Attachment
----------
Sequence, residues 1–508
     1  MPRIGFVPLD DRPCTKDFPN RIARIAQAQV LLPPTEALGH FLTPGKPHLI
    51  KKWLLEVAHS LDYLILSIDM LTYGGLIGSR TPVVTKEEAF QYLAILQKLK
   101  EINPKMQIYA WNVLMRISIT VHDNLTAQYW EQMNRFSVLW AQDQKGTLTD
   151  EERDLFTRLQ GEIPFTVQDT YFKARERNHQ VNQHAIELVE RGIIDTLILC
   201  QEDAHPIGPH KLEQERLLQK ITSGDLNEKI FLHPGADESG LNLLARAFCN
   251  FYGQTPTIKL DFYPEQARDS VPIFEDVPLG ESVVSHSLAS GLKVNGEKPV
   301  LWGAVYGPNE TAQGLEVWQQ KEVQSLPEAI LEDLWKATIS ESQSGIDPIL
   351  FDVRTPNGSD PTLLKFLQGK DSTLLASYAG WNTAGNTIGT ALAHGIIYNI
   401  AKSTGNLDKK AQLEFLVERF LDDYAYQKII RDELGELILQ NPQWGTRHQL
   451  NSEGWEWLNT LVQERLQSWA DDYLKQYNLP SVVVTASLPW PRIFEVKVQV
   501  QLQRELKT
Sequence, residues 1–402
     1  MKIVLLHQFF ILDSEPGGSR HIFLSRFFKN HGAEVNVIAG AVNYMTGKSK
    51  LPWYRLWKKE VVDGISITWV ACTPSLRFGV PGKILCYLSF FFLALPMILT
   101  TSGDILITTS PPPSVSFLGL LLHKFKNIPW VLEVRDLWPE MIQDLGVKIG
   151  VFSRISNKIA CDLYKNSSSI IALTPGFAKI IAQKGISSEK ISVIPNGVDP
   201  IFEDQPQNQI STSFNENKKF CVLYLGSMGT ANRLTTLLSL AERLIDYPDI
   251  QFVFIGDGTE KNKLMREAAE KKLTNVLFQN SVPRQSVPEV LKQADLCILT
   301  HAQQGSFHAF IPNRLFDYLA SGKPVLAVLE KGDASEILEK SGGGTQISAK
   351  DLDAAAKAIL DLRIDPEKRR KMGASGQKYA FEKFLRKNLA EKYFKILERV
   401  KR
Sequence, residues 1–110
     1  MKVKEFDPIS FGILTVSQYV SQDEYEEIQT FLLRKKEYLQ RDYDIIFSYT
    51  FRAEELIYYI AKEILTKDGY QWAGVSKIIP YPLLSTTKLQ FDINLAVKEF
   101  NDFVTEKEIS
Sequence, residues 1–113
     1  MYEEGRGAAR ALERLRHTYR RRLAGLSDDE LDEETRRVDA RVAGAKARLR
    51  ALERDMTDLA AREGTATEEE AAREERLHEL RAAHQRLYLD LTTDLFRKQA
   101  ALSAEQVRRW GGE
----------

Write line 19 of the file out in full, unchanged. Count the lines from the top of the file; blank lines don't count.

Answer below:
   251  QFVFIGDGTE KNKLMREAAE KKLTNVLFQN SVPRQSVPEV LKQADLCILT